Bayesian filtering and smoothing [book review]

Posted in Books, Statistics, Travel, University life with tags , , , , , , , , , , , , on February 25, 2015 by xi'an

When in Warwick last October, I met Simo Särkkä, who told me he had published an IMS monograph on Bayesian filtering and smoothing the year before. I thought it would be an appropriate book to review for CHANCE and tried to get a copy from Oxford University Press, unsuccessfully. I thus bought my own book that I received two weeks ago and took the opportunity of my Czech vacations to read it… [A warning pre-empting accusations of self-plagiarism: this is a preliminary draft for a review to appear in CHANCE under my true name!]

“From the Bayesian estimation point of view both the states and the static parameters are unknown (random) parameters of the system.” (p.20)

 Bayesian filtering and smoothing is an introduction to the topic that essentially starts from ground zero. Chapter 1 motivates the use of filtering and smoothing through examples and highlights the naturally Bayesian approach to the problem(s). Two graphs illustrate the difference between filtering and smoothing by plotting for the same series of observations the successive confidence bands. The performances are obviously poorer with filtering but the fact that those intervals are point-wise rather than joint, i.e., that the graphs do not provide a confidence band. (The exercise section of that chapter is superfluous in that it suggests re-reading Kalman’s original paper and rephrases the Monty Hall paradox in a story unconnected with filtering!) Chapter 2 gives an introduction to Bayesian statistics in general, with a few pages on Bayesian computational methods. A first remark is that the above quote is both correct and mildly confusing in that the parameters can be consistently estimated, while the latent states cannot. A second remark is that justifying the MAP as associated with the 0-1 loss is incorrect in continuous settings.  The third chapter deals with the batch updating of the posterior distribution, i.e., that the posterior at time t is the prior at time t+1. With applications to state-space systems including the Kalman filter. The fourth to sixth chapters concentrate on this Kalman filter and its extension, and I find it somewhat unsatisfactory in that the collection of such filters is overwhelming for a neophyte. And no assessment of the estimation error when the model is misspecified appears at this stage. And, as usual, I find the unscented Kalman filter hard to fathom! The same feeling applies to the smoothing chapters, from Chapter 8 to Chapter 10. Which mimic the earlier ones. Continue reading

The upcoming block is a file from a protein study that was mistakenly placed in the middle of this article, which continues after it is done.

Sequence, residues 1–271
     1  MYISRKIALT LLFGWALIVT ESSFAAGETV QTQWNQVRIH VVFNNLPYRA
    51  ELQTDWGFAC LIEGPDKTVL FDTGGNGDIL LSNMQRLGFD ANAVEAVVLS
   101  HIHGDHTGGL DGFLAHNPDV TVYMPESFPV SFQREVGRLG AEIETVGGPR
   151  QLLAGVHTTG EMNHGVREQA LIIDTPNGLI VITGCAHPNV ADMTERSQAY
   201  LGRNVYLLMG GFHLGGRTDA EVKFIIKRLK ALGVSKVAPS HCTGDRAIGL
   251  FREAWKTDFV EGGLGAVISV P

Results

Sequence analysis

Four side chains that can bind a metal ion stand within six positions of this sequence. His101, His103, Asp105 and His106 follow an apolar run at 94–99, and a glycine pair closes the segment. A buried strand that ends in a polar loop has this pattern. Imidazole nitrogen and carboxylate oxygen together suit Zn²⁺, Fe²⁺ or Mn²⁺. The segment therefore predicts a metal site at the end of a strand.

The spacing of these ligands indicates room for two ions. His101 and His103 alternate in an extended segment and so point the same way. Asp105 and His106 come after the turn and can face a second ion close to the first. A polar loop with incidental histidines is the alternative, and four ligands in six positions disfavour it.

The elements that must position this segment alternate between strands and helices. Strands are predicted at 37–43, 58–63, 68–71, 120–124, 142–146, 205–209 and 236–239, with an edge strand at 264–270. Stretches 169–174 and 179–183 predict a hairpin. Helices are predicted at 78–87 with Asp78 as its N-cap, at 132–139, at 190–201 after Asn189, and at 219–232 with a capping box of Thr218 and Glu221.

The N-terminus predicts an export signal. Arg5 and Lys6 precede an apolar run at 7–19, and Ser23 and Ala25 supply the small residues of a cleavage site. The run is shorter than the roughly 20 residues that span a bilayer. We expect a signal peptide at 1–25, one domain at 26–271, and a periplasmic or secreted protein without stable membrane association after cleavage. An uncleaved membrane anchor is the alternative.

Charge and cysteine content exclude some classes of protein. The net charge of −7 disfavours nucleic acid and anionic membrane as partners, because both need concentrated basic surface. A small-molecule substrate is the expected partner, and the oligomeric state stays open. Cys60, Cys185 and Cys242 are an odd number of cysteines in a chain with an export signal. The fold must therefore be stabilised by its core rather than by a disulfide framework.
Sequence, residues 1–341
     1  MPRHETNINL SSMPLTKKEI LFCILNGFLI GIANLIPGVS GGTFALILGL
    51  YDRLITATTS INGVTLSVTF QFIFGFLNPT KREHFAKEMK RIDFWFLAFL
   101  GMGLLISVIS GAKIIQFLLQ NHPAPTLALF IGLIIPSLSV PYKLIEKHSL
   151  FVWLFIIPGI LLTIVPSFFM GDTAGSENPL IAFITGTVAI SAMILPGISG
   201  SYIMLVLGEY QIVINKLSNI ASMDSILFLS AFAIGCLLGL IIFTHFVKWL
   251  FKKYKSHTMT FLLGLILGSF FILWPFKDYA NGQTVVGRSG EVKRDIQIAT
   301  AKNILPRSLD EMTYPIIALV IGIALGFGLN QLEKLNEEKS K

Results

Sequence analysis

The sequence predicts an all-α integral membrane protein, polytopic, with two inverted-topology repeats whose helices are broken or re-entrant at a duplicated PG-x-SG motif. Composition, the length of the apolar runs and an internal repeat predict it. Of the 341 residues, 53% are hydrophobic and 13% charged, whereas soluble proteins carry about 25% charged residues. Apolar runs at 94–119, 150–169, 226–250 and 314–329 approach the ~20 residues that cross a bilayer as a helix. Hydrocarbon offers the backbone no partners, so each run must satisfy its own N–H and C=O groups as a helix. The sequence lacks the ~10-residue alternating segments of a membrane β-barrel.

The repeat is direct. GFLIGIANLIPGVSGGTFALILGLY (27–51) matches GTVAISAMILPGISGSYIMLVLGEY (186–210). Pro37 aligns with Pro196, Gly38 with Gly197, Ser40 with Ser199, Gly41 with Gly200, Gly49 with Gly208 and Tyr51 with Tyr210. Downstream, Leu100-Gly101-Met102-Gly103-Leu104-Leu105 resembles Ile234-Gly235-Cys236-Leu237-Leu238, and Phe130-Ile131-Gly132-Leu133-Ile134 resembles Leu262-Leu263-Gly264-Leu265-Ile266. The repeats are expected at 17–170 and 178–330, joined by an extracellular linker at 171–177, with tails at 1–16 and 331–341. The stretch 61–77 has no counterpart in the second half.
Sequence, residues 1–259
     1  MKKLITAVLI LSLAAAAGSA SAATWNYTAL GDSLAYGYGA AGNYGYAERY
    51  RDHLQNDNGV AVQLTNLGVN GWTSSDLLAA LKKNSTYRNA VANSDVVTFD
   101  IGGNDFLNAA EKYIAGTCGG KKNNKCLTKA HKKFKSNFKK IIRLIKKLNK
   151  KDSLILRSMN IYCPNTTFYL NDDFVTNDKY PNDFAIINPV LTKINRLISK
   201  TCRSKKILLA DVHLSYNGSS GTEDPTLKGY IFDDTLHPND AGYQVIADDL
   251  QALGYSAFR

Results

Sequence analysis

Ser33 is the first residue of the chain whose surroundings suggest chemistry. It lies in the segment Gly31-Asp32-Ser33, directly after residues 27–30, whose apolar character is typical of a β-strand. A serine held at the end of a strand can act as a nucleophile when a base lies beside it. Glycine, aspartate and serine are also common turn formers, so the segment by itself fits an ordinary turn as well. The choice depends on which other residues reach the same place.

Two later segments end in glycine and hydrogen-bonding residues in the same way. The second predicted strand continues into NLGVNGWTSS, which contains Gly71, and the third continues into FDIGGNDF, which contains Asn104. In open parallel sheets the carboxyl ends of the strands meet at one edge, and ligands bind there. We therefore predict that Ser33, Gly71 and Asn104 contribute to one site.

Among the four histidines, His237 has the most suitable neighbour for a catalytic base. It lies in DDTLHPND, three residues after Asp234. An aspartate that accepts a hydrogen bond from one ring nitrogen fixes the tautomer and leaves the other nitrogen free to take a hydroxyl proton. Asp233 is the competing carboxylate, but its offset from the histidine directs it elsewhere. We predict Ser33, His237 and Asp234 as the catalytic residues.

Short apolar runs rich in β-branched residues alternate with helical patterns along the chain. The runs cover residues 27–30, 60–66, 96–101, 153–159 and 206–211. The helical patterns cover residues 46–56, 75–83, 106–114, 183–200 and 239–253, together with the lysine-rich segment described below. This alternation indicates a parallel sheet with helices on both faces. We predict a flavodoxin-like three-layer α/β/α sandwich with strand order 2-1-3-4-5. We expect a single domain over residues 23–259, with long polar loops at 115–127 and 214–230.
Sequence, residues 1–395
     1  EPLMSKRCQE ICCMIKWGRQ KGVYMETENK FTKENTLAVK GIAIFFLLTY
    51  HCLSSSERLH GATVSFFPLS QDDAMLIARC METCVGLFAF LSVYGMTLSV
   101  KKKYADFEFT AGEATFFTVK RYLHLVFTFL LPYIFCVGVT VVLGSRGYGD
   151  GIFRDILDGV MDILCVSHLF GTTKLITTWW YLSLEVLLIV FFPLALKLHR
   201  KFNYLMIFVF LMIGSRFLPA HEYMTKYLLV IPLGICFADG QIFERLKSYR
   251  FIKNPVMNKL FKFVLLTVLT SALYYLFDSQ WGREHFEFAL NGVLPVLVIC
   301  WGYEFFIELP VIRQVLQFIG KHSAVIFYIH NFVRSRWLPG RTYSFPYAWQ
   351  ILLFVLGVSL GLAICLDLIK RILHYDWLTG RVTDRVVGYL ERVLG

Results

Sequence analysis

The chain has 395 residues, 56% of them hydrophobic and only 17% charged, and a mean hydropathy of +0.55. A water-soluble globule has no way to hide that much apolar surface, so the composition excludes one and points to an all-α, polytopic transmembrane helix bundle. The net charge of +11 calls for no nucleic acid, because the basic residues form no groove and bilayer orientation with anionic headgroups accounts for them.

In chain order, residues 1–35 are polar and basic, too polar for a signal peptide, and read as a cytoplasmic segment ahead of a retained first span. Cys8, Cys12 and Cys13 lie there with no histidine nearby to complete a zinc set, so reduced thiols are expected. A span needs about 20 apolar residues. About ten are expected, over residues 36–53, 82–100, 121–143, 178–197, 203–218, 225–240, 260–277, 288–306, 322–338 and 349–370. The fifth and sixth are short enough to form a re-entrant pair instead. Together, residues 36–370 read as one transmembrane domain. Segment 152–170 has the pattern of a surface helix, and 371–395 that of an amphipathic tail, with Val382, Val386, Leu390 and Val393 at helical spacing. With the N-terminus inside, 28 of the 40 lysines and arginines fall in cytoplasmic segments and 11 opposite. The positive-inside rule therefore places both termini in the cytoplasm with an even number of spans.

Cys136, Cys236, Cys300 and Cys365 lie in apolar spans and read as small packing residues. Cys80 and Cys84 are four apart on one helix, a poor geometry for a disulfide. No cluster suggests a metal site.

Le Monde on E. Wegman

Posted in Statistics with tags , , , , , , on December 31, 2011 by xi'an

In addition to the solution to the wrong problem, Le Monde of last weekend also dedicated a full page of its Science leaflet to the coverage of Michael Mann’s hockey curve of temperature increase and the hard time he has been given by climato-skeptics since its publication in 1998… The page includes an insert on Ed Wegman’s 2006 [infamous] report for the U.S. Congress, amply documented on Andrew’s blog. And mentions the May 2011 editorial of Nature on the plagiarism investigation. (I reproduce it above as it is not available on the Le Monde website.)